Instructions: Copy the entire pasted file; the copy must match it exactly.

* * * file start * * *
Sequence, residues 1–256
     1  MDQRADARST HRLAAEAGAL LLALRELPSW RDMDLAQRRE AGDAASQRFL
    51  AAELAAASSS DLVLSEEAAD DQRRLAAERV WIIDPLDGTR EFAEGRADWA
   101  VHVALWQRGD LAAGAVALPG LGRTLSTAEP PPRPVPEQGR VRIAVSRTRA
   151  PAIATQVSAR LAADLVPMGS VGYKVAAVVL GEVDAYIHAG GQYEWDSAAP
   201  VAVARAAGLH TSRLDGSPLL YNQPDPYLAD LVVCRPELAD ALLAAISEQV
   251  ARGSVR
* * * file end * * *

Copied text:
Sequence, residues 1–256
     1  MDQRADARST HRLAAEAGAL LLALRELPSW RDMDLAQRRE AGDAASQRFL
    51  AAELAAASSS DLVLSEEAAD DQRRLAAERV WIIDPLDGTR EFAEGRADWA
   101  VHVALWQRGD LAAGAVALPG LGRTLSTAEP PPRPVPEQGR VRIAVSRTRA
   151  PAIATQVSAR LAADLVPMGS VGYKVAAVVL GEVDAYIHAG GQYEWDSAAP
   201  VAVARAAGLH TSRLDGSPLL YNQPDPYLAD LVVCRPELAD ALLAAISEQV
   251  ARGSVR